Dec 28, 2015

The people who walked in darkness have seen a great light.

Homily of the midnight Mass on the Solemnity of the Nativity of the Lord at Niigata Cathedral.

My dear brothers and sisters,
Merry Christmas.

Year after year, We gather together in this Cathedral in the evening of 24 December to celebrate the birth of our Lord Jesus. Yes, we also gather again during the daytime on 25th to celebrate the Christmas, however, the most important moment for the celebration of Christmas is in this evening celebration. We all know that nowadays majority of people in Japan celebrates Christmas even among non-Christians in the evening on 24th and that is really fitting for the celebration even though they do not realize the real meaning of it. Let me explain it.

As we see from the Gospel reading this evening, the birth of Jesus took place during the night. It said that "there were shepherds in that region living in the fields and keeping the night watch over their flock" However, repeating what is written in the Gospel is not the reason of what I am talking about.

The Gospel continues as follows; "the angel of the Lord appeared to them
and the glory of the Lord shone around them." So it was light. It was bright light shinning in the darkness. It was the bright light which struck shepherds with great fear.

In the first reading, prophet Isiah wrote "the people who walked in darkness have seen a great light; upon those who dwelt in the land of gloom a light has shone"

Who are these "people who walk in darkness" or "who dwell in the land of gloom"?

Few months after the massive earthquake and tsunami which hit Tohoku in 2011, I visited the disaster hit area. Toward evening, as there were no electricity in the area, darkness prevailed. There were no house lights nor street lights. Only darkness prevailed. While standing in the midst of this darkness, I started feel uneasiness, anxiety or even fear. I was sure that darkness produced negative energy for those evacuated in the shelters, negative energy which easily destroy people's hope for the future. Negative effects of darkness were what I felt physically that night.

What kind of reality are we living in today? Fear for terrorism. No one knows what will happen next and where that might take place. Uneasiness, anxiety and fear prevail in this world today. In Japan, we are not able to expect bright future with economic development anymore. The reality of fewer kids and aging society makes us wonder about our future. Uneasiness, anxiety and fear prevail. On an global scale, climate change has been affecting so many people severely especially in so-called under-developed countries but also us in the so-called developed countries and no one knows clear future of our common house, the earth. Uneasiness, anxiety and fear prevail. We are, therefore, the "people who walk in darkness", aren't we? We are, therefore, the people "who dwell in the land of gloom", aren't we? Many of us are increasingly dominated by uneasiness, anxiety and fear caused by inability to see clear future because we are in deep darkness.

Some months after the first visit to the disaster hit area, I again made another visit to the same town for Caritas meeting. We met in a former hotel building which survived the tsunami and had been used as Caritas Volunteer center. As we finished the meeting, I got out of the building only to be amazed by the sight. The building was a shining tower in the midst of deep darkness. Electricity was provided by a generator in the building and the town did not have electricity yet.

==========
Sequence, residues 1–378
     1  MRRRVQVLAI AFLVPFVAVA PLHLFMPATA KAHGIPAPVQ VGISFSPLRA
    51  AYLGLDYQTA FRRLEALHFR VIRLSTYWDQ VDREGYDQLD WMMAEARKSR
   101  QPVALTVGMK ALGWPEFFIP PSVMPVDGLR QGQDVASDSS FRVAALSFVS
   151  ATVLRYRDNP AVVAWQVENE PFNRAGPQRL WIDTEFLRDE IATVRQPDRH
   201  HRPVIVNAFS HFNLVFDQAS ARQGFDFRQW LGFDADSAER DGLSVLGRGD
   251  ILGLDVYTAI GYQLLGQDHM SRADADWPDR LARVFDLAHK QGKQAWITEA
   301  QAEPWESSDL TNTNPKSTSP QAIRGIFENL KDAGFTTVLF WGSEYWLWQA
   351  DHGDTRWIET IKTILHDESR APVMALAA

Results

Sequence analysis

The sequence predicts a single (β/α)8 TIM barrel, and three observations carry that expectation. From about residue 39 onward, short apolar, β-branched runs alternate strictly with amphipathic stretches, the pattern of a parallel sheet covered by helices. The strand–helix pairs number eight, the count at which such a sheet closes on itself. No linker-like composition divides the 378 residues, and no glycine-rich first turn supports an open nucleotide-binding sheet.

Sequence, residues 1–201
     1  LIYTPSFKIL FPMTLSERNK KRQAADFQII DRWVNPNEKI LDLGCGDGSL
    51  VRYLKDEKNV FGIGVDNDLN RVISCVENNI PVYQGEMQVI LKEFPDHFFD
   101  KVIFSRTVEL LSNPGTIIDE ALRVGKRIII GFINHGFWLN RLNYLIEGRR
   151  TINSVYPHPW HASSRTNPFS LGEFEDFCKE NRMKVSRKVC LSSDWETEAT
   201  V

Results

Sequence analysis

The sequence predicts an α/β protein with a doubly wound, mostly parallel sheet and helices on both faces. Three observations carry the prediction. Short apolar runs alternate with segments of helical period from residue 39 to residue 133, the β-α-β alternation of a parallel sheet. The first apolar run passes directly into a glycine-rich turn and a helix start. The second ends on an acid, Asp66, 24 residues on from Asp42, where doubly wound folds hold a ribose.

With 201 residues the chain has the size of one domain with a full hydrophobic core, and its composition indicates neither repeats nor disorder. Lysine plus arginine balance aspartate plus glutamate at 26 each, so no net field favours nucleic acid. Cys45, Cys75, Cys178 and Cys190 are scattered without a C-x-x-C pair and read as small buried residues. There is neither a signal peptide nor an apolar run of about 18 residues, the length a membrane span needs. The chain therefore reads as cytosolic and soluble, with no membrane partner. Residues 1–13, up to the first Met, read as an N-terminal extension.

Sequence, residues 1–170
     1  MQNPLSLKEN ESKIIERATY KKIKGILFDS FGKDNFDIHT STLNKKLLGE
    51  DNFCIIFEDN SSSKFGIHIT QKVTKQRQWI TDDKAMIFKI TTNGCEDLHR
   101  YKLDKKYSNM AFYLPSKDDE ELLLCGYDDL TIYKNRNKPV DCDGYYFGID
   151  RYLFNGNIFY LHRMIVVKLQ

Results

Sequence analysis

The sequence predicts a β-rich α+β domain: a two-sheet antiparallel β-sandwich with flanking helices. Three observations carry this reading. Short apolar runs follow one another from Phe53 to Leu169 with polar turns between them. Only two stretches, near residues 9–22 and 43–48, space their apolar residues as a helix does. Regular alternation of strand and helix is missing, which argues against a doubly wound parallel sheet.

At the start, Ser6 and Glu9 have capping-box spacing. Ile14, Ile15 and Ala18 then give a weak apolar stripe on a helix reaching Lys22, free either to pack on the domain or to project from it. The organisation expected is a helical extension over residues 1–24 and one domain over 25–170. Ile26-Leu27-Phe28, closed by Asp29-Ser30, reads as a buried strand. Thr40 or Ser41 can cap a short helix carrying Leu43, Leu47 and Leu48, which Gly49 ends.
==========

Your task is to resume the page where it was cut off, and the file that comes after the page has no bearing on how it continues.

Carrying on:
If it were in ordinary town, the light of this tinny hotel was nothing more than one of many lights in the town. Or even, no one would have noticed that there were lights in this building. Just a part of ordinary scenery of the town in the night. However, because of prevailing deep darkness, such ordinary and small light was shining through like the beacon of bright hope, defeating all the uneasiness, anxiety and fear of the people. The small light of the building became the source of hope for many.

Jesus was born as small baby. Hope for whole humankind was just a small light in darkness. That is the reason why the Church celebrate Christmas in darkness in the night. That is the reason why we, just before we started the Mass, had small candle for each one of us in the darkness of this chapel so that we may feel brightness of such a small candle lights. Even small lights can shine through to brighten people's heart in deep darkness. What we need is this small light of hope in all our hearts to overcome darkness of uneasiness, anxiety and fear.

We are in the Jubilee Year of Mercy now. People living in darkness with uneasiness, anxiety and fear are tend to live in mutual distrust. How can people trust each other while they are not sure about tomorrow's fate? I feel that the mutual distrust may results judgmental tendency among us. Good or bad? Friend or foe? Yes or No? As we are pressed to make judgment in order to be relieved from anxiety and fear, we tend to jump to conclusion. That is the reason why we tend to be judgmental and easily label others that they are good or bad. Generosity, tolerance and joy have no space to survive in such a society. Mercy is forgotten.

We find, these days, in internet and TV shows the heartwarming stories quite often. Why do we love to know these heartwarming stories? Why people love to watch such TV shows? Because, in reality, heartwarming experiences are missing. In the judgmental society, generosity, tolerance and joy disappear and we are hungry for story of love and mercy. Today's world needs mercy of God much more than before to escape from captivity of darkness.